The Rose and the Yew Tree

Hugh Norreys’s quiet life is interrupted when a foreign woman insists on seeing him. She ignores his dismay and manages to persuade him to come with her.

Lying on his deathbed, John Gabriel is a shadow to his own self. But the past has cast a long shadow over him and Norreys since their last encounter in Zagrade. Since Norreys saw him and Isabella Charteris together.

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My tatty copy. ISBN:0-440-17503-8

When the book was published in January 1948, London hardly recovered from the wounds of the War. The cold winds of harsh winter were still blowing hard, her inhabitants impoverished. Meanwhile, Clement Attle’s government had set the nationalisation and the welfare state  in motion and officiated the formation of the National Health Service (NHS) – Early Years in the summNotes On Peril At End Houseer.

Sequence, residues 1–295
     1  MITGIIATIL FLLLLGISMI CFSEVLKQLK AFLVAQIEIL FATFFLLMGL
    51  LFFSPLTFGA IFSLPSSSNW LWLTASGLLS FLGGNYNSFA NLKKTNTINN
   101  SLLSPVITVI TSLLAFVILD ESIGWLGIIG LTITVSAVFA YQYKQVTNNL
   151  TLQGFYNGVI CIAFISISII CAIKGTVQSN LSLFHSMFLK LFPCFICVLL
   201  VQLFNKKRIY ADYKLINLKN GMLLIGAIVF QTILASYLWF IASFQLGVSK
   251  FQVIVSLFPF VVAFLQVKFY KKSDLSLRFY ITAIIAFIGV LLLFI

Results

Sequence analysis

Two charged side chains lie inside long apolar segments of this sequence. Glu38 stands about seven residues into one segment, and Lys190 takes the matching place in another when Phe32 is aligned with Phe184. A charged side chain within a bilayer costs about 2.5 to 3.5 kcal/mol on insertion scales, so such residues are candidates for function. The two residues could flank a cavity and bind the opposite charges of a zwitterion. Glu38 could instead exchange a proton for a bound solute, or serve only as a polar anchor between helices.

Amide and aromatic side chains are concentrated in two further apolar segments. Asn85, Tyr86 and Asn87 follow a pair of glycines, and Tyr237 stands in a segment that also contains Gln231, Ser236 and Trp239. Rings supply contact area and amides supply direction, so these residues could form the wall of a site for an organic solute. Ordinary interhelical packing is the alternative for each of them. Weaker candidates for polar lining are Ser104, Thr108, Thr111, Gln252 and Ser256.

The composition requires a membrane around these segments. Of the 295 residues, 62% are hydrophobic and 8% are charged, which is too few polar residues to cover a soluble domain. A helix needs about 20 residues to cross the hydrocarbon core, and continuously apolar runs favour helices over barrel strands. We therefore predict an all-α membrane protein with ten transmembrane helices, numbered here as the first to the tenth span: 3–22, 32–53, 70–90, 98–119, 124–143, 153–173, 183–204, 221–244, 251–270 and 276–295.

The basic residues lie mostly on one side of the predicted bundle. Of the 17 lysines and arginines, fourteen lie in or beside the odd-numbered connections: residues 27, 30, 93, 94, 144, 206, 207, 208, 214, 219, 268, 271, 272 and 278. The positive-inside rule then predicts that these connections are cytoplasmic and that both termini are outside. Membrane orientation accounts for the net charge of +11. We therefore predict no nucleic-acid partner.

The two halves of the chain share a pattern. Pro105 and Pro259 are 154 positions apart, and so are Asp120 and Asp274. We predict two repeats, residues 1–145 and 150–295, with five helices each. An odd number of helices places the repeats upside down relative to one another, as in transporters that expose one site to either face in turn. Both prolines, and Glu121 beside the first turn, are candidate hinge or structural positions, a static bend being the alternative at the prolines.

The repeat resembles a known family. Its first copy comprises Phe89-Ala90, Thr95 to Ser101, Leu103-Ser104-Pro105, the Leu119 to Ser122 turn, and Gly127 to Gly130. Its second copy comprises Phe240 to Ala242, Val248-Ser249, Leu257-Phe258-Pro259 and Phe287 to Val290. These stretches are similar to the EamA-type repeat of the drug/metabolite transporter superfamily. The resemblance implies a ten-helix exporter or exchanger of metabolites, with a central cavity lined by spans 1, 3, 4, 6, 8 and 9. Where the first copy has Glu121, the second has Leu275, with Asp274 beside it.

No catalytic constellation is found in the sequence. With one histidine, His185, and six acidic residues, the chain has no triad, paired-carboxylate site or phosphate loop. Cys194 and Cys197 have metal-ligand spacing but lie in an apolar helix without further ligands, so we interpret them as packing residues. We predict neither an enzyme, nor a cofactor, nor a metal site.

Over two years earlier Labour won its greatest majority in history. The watershed election held on 5th July 1945 heralded windswept changes in British politics.

Upon this backdrop Westmacott plotted a tempestuous period in the weeks leading to the polling day in a Conservative stronghold. In St. Loo, no less.

Arthur Hastings in Peril At End House describes the imaginary setting at the beginning of the novel as ‘no seaside town in the south of England is, I think, as attractive as St. Loo. It is well named the Queen of Watering Places and reminds one forcibly of the Riviera…’ However, in Westmacott’s world there are no dead bodies. Instead Hugh Norreys the narrator commences with his recollections seeing a dying man; a man of whom he’s banished from memory.